He has hundreds of thousands of followers and may be Twitter’s most beneficent and merciful user. His name—at least on the popular microblogging site—is Allah, and now he’s going to prison because of it.
Earlier this week, a criminal court in eastern Turkey sentenced a 24-year-old math teacher known only as Ertan P. to 15 months behind bars for using “Allah” as his nickname on Twitter.
The court said Ertan mocked Islam’s sacred religious values over the course of several years by impersonating Allah, his messenger, Muhammad, and his angels on Twitter. Abdullah Aslan, a lawyer for the plaintiff, says Ertan posted tweets such as “I sent the last prophet 1,500 years ago—now we communicate via Twitter.” Ertan is appealing the verdict with a higher court.
Today in Turkey there are dozens of Twitter accounts using the nickname Allah. Most are parody accounts mocking the government and have never faced any sort of reprimand.
But Ertan may be a special case because he’s an elementary school teacher and thus someone in close contact with young students. Ertan’s lawyer, Rumet Agit Ozer, distanced his client from some of the offending tweets, saying that Ertan did not create the account in question—he simply hacked into it, which is a crime in Turkey. “My client does not accept the allegations that he owns the account,” Ozer says. “He just hacked it few times to reach bigger audiences.”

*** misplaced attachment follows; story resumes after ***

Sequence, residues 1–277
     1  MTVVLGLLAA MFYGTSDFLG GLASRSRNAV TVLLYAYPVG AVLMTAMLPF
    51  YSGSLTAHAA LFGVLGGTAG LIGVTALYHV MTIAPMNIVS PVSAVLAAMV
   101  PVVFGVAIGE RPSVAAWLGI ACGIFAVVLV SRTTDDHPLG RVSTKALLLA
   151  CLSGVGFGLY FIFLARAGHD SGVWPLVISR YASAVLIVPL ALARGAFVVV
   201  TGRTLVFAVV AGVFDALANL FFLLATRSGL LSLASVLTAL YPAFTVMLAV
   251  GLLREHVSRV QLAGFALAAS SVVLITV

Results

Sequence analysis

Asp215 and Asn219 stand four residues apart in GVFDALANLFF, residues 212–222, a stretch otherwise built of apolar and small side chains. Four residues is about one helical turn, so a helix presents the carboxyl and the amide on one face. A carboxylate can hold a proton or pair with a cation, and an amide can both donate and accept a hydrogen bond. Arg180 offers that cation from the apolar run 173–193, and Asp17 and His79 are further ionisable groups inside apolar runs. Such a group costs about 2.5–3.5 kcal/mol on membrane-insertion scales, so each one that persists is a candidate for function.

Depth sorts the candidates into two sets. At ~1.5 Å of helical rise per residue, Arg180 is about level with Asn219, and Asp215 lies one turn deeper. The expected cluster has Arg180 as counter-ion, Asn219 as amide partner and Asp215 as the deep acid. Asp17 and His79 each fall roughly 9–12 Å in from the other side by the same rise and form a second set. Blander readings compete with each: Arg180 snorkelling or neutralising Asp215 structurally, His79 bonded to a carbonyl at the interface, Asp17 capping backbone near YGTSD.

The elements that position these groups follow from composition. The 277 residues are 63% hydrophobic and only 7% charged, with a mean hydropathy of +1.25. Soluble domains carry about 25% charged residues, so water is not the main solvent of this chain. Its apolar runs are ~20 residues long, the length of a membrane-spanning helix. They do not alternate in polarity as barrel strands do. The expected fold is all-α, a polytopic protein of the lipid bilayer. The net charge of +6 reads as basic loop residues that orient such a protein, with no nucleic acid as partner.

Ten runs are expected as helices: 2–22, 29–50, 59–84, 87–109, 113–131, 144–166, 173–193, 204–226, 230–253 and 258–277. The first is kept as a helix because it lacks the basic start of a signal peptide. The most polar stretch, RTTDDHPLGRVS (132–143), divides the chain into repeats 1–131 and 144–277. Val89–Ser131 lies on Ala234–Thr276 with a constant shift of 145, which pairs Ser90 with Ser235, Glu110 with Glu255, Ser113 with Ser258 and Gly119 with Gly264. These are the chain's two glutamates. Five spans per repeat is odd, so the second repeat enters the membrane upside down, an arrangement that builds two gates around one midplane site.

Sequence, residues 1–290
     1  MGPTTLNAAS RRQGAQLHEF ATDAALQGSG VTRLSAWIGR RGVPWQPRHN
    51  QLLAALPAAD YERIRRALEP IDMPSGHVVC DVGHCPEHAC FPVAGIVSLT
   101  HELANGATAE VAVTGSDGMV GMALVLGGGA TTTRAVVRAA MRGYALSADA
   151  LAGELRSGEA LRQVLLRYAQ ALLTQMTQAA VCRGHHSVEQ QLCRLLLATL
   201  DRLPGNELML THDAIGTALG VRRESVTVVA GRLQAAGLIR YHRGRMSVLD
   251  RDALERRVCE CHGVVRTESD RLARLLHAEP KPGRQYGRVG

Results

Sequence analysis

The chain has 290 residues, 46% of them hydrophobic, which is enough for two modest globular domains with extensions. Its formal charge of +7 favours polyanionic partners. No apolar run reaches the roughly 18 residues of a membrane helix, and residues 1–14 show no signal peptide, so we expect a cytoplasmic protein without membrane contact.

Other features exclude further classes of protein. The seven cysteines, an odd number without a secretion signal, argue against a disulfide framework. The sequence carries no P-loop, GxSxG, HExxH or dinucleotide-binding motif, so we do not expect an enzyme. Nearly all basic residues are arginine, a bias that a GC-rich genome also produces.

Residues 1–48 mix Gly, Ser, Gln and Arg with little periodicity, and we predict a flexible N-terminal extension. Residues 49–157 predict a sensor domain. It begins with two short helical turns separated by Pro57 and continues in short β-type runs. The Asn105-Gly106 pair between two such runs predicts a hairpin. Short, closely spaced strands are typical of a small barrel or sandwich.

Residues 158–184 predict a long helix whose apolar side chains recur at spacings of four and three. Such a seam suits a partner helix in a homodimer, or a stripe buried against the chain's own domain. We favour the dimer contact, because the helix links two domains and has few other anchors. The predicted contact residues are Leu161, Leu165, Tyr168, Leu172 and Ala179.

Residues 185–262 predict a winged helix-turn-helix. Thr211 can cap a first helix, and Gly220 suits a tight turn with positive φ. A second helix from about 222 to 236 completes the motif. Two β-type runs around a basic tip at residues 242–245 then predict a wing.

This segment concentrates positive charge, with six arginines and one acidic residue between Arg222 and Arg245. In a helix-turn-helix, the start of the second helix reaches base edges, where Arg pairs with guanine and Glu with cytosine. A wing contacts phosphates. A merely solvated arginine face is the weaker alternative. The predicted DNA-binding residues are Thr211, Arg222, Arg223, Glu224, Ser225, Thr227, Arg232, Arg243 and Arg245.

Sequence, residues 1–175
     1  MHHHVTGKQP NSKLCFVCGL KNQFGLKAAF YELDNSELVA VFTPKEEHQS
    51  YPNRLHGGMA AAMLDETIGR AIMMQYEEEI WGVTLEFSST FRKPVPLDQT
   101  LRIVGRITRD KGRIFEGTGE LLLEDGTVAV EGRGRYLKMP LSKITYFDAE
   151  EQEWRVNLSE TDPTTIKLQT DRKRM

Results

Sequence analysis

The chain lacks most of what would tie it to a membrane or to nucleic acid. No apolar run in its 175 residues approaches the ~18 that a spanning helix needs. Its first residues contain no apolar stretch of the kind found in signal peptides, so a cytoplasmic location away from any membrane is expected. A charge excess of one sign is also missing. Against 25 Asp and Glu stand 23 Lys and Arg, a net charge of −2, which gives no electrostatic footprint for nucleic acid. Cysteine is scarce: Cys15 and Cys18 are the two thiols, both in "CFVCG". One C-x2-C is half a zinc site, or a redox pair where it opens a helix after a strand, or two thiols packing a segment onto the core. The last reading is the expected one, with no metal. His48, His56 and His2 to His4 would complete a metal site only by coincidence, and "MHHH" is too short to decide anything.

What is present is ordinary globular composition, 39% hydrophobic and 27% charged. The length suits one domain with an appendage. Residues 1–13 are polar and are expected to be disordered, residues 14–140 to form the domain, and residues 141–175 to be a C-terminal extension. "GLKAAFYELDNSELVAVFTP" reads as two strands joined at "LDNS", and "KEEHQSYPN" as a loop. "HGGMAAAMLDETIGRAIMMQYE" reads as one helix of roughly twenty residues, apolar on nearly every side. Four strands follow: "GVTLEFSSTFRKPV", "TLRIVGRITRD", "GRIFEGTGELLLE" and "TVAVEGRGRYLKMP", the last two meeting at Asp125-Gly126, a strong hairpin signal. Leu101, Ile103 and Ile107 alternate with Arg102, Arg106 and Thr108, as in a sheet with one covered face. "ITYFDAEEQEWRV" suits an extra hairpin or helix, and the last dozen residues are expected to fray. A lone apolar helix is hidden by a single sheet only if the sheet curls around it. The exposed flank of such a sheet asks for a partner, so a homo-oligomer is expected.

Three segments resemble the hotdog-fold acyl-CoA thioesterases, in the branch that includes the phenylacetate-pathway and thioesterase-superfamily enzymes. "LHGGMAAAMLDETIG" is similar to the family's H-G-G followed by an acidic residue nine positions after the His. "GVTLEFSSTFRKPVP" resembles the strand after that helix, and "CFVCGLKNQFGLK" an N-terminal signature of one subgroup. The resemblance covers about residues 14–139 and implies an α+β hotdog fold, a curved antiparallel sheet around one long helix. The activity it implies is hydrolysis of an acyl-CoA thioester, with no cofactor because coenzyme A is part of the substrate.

He added that Ertan may lose his job and has faced numerous death threats.
The case began in 2012, allegedly at the behest of an ordinary citizen who found the Twitter account offensive. But it wasn’t until last year that the prosecution says they found Ertan via his IP address in Turkey’s Mus province.
Today the @AllahCC Twitter handle no longer exists, though it’s not clear if someone deleted it or simply changed its name.
News of Ertan’s sentencing created an uproar on Turkish social media, as many complained about how freedom of speech continues to erode in this nation of 76 million.
This isn’t the first time a Twitter user has been sentenced to prison in the country for allegedly offending Islam. A famous Turkish pianist, Fazil Say, was convicted last year of insulting the religion via Twitter, but his jail sentence was suspended.
Ertan’s sentence comes just months after Turkish Prime Minister Recep Tayyip Erdogan tried to block Twitter in his country, saying the website violates people’s privacy. Turkey’s constitutional court later reversed his decision.
As Ertan awaits his appeal, it remains unclear whether the higher courts will be as merciful and beneficent as Allah himself.